OrthoPets Case Study: Kaia [caption id="attachment_4265" align="alignright" width="331"]
Fitting Kaia's prosthetic.[/caption]Any prosthetic case can be tricky to work with. There are many factors in play that can determine the failure or success of a prosthesis. To determine some of these factors and get a more objective assessment of this novel treatment option for dogs we have been working closely with Dr. Felix Duerr from Colorado State University (CSU). CSU is conducting a prospective study evaluating prosthetic devices for dogs with lower limb pathology. More information about the study can be found here - there are still a few spots for enrollment that may benefit your patient!Choosing to avoid a full limb amputation and pursuing a partial limb amputation requires life-long dedication from the owner and the need for a team of dedicated individuals (frequently including a surgeon, veterinarian, and rehabilitation specialist). We at OrthoPets are happy to aid with the fabrication of the device as well as supporting the animal health professionals, the pet, and the client for the life of the patient.The main challenges we face in veterinary prosthetic patients is device suspension, device rotation and of course the possibility of pressure sores or friction. Compared to people, we cannot use suction devices/techniques to aid with the suspension in our furry patients. Therefore, we require a minimum limb length that facilitates suspension of the device and avoids rotational problem. In our experience, the required length in order for us to fabricate a functional prosthesis for a patient is approximately mid-way of the radius/tibia. This is a general guideline, however, success depends on many individual patient factors particularly the anatomy and presence of bony prominences.Limb shortening due to osseous defects/discrepancy can be addressed with the use of a procedure called Distraction Osteogenesis. This process involves cutting of the bone and slowly separating the two bone ends allowing the gap to fill in and essentially lengthen the bone. This procedure is used in canine patients for the treatment of angular limb deformities with limb length discrepancy, however, it has not been reported in the veterinary literature to facilitate the attachment of a prosthetic device. One of our Partner Clinics, Port City Veterinary Referral, in New England, had been working with a young pit bull named Kaia that unfortunately did not meet the minimum limb length requirements for the prosthesis. Luckily, Kaia's owner is a veterinarian and was up for any sort of challenge! He worked alongside a surgeon, our Partner Clinic and Martin here at OrthoPets. Together they developed the idea of using Distraction Osteogenesis in the hopes of lengthening her limb enough so that we would be able to suspend a prosthesis for her.[caption id="attachment_media-2" align="aligncenter" width="600"]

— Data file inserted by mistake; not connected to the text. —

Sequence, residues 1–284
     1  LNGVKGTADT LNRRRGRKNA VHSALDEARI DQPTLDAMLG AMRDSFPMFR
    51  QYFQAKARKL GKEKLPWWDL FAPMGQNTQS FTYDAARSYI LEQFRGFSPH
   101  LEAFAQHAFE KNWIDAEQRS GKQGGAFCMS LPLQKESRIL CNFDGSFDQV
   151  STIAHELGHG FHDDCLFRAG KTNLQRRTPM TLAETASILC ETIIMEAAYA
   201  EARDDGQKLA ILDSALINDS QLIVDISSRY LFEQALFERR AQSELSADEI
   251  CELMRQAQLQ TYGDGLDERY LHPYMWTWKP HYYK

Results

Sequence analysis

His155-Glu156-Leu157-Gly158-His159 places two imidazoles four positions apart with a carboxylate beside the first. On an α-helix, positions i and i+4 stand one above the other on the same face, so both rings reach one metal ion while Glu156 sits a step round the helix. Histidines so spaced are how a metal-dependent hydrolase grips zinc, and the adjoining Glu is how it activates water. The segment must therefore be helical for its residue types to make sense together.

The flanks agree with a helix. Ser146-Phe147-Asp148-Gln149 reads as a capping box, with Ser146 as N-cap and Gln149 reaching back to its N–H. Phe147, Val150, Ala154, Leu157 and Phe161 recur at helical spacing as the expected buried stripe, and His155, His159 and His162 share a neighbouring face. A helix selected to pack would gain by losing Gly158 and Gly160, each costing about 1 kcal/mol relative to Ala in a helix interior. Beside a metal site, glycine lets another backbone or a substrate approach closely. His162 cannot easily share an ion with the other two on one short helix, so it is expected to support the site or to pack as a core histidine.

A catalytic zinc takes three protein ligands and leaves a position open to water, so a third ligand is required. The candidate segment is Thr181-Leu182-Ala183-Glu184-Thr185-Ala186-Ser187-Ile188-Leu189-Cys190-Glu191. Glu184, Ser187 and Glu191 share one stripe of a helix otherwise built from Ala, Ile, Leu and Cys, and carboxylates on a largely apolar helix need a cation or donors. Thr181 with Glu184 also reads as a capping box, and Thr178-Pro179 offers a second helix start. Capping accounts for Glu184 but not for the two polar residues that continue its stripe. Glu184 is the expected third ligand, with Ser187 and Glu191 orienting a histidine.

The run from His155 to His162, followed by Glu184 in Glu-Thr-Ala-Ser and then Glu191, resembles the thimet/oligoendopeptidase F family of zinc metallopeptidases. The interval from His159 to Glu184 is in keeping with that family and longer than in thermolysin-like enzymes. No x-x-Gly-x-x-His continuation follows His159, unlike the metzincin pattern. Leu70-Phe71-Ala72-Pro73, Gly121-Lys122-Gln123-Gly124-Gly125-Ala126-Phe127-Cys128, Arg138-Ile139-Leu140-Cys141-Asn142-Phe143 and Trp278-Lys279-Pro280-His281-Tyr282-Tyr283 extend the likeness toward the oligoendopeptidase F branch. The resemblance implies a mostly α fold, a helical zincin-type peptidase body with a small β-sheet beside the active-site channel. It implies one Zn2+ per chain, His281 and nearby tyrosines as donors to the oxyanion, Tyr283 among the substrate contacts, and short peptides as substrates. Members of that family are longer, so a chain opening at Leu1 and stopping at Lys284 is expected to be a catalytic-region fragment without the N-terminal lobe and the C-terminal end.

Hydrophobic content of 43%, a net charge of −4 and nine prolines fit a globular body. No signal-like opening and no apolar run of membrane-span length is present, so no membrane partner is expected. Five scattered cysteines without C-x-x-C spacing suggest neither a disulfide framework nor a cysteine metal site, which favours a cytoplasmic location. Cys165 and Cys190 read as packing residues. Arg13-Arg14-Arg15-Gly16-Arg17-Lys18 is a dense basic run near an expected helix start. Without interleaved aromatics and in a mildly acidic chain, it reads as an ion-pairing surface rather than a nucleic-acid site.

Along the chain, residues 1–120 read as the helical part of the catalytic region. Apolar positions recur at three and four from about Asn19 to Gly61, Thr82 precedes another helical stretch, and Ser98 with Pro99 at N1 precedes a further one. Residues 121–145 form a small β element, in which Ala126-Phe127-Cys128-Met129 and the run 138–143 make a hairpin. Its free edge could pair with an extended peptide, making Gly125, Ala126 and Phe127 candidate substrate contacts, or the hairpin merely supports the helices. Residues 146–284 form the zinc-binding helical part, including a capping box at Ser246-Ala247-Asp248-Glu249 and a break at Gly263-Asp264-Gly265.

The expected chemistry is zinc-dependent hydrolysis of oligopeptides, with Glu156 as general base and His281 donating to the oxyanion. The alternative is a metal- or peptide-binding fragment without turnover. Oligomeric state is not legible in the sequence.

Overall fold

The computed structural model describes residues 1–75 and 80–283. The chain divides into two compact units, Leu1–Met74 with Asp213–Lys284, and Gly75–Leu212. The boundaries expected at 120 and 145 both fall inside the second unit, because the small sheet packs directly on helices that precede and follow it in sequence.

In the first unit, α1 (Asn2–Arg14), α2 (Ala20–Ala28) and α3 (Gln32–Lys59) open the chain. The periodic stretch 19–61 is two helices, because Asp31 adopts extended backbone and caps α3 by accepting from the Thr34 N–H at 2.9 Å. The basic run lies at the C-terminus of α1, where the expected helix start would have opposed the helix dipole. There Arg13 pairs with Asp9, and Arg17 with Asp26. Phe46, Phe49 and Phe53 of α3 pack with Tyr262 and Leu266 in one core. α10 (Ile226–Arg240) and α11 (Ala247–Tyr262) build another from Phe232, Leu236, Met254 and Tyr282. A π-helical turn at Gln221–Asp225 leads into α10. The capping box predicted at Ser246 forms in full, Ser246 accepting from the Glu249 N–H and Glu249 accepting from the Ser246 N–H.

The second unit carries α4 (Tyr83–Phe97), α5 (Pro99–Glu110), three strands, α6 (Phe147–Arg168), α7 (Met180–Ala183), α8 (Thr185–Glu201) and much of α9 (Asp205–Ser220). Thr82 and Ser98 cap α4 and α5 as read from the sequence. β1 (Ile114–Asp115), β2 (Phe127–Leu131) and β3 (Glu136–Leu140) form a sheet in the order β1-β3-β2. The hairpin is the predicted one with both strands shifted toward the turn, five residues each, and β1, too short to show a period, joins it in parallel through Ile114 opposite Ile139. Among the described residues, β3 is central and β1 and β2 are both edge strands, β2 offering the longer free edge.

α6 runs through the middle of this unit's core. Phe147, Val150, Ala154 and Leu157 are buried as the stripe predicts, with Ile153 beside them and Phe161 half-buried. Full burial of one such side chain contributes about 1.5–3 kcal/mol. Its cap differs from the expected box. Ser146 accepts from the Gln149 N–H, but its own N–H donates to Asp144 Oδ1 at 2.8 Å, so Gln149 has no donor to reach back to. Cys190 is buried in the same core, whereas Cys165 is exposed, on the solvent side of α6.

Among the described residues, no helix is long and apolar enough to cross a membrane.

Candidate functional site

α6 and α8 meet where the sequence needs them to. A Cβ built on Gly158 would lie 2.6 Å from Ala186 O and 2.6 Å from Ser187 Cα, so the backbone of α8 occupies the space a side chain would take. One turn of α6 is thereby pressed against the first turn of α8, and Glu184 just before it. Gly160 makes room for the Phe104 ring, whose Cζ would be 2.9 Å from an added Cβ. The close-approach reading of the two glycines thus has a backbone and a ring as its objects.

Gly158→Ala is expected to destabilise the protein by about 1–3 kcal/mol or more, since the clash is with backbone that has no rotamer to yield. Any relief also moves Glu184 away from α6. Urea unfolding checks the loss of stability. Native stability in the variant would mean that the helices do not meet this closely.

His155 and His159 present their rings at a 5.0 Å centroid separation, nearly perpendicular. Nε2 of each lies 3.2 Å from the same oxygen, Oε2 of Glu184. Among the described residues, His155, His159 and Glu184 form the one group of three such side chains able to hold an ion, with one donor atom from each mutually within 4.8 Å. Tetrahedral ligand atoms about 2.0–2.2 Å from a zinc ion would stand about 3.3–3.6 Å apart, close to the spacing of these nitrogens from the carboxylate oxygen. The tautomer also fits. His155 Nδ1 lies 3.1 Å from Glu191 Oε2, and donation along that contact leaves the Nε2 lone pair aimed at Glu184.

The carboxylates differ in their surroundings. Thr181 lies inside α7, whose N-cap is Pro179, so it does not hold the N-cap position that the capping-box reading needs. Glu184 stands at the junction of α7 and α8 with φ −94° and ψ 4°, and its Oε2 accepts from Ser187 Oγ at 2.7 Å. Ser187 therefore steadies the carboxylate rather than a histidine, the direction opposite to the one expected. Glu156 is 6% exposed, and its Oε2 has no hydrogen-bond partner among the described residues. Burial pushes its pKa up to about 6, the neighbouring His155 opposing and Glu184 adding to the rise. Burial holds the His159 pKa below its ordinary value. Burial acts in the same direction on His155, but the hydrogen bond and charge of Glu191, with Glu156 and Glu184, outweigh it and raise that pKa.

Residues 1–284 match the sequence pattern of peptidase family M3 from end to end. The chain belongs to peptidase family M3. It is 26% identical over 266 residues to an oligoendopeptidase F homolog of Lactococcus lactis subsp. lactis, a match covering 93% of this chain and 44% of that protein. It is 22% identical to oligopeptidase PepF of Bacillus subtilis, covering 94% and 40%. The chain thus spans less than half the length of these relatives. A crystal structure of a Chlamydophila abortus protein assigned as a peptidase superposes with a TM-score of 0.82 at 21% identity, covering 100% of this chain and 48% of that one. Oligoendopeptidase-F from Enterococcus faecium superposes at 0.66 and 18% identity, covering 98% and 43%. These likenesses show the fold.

Pre-procedure radiographs.[/caption]Kaia's surgery was performed in September 2016, and by January 2017 she had 2.5 cm of bone growth based on radiographs. By April 2017 the external fixator was removed, and Kaia had enough limb length for the suspension of a prosthesis. Though there was a slight curvature to the limb and bone healing was not complete, Kaia's team decided to move forward and get her into the prosthesis. Kaia did wonderfully at her first fitting and is using the limb well. Kaia continues to spend time working on her gait re-education and functional integration of the residuum into a quadruped gait.[caption id="attachment_media-3" align="aligncenter" width="600"]
Post-procedure radiographs.[/caption]Kaia is a great example of how thinking outside the box by her owner as well as her veterinary and VOP team can help solve problems that seem impossible to solve!